Dandino and Joshua Tree both shoot for Far Eastern glory as they line up in Sunday's Japan Cup in Tokyo.
The pair, trained by James Given and Aidan O'Brien respectively, have been drawn in stalls three and 12 as they bid for the Grade One heat, which is worth £1,664,447 to the winner.
Dandino arrives on the back of a disappointing eighth behind Arctic Cosmos in the St Leger but he had previously won at Royal Ascot and finished second in the Gordon Stakes.
Given said: "Everything has gone well with the horse, the transport and getting him here.
"He had to have two separate flights. First, he flew from the UK to Amsterdam. He then spent a night there and then flew from Amsterdam to Tokyo.
"His first flight, which was only an hour or so long, he was a little bit nervous, he sweated a little bit on that first flight, but having had that experience, for the main whole flight from Amsterdam to Tokyo he was very relaxed and took the flight very well.
"He looks very healthy, fit and tight. I'm very pleased with the way he looks."
Given blamed the rain-softened ground for Dandino's comprehensive eclipse at Doncaster but he expects the firm surface in Tokyo to be more to his liking.
"His form does suggest he's much better when it's a quicker ground. Two of his wins came this year at Epsom and the Royal Ascot on ground that was fairly quick," he added.
"I just don't think he's as effective when the ground is loose as he is on fast ground. He's had a canter around the track and it's pretty quick ground but I think that suits the horse and he seemed very comfortable on it."
Joshua Tree finished three places ahead of Dandino in the Leger and has since won the Grade One Canadian International at Woodbine.
Jockey Colm O'Donoghue is not underestimating Sunday's 18-strong field, but expects his mount to be able to adapt to the quicker conditions.
"It's a very strong group of horses in the race and the the pace of the race should be quite strong," he explained.
"But he's very versatile, he travels very well through his races I think which is very important, but he's quite adaptable to his races, it'll all depend on the pace of the race where I can place him, but he's very versatile."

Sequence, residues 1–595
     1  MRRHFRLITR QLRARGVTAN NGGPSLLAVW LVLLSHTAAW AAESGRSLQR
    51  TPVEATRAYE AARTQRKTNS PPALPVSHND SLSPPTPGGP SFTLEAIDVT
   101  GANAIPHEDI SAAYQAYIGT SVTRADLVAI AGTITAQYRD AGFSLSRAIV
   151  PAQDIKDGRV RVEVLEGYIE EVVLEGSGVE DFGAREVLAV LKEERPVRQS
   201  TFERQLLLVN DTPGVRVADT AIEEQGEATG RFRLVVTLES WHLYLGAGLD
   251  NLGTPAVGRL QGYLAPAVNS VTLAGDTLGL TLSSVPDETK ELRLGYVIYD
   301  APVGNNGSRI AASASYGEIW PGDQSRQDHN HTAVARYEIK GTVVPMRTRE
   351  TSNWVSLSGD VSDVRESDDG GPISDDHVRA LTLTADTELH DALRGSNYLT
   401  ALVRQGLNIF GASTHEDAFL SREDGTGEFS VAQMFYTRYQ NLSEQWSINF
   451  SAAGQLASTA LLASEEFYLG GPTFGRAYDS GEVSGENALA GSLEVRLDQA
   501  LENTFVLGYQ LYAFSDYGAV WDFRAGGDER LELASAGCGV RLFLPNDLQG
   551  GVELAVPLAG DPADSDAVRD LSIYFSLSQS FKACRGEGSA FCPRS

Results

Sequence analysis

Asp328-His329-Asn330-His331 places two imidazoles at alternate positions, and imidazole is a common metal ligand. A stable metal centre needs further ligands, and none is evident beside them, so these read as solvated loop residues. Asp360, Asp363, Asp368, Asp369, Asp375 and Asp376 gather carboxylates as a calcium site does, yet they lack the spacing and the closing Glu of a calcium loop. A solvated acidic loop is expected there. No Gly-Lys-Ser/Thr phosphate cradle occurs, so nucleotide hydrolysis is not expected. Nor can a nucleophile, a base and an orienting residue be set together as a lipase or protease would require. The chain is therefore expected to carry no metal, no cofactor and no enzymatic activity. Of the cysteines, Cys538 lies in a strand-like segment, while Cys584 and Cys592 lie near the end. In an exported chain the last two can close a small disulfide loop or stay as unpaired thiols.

Joshua Tree was one place behind Snow Fairy at Doncaster and with the dual Oaks winner having landed a Kyoto Grade One in style earlier this month, connections are taking plenty of heart.
O'Brien's assistant Thomas Comerford added: "We all know how good Snow Fairy is and Joshua Tree probably didn't stay a mile and six (furlongs), and his best trip is a mile and a half as we know now since Canada - probably his ideal trip.
"Finishing just behind Snow Fairy is very good indeed especially the way she won the last day and her winning in four lengths so it puts us in with a good shout."
Buena Vista, Eishin Flash, Victoire Pisa and Nakayama Festa are amongst the home-trained runners, with the latter racing on the back of his narrow defeat by Workforce in the Prix de l'Arc de Triomphe.
Trainer Masayoshi Ebina said of his globetrotter: "I can't say about how he's been since he's come back, but I'm confident the stable will have him in the best shape possible.
"He ran a heck of a race away from home, and I want to show the fans what 'world class' is really about. I feel a sense of responsibility, that we represent the country.
"We're at home this time and I've got all the faith in the world in this horse," he told www.japanracing.jp.
French interest is provided by Canadian International second Mores Wells, Timos and Marinous while Voila Ici represents Italy.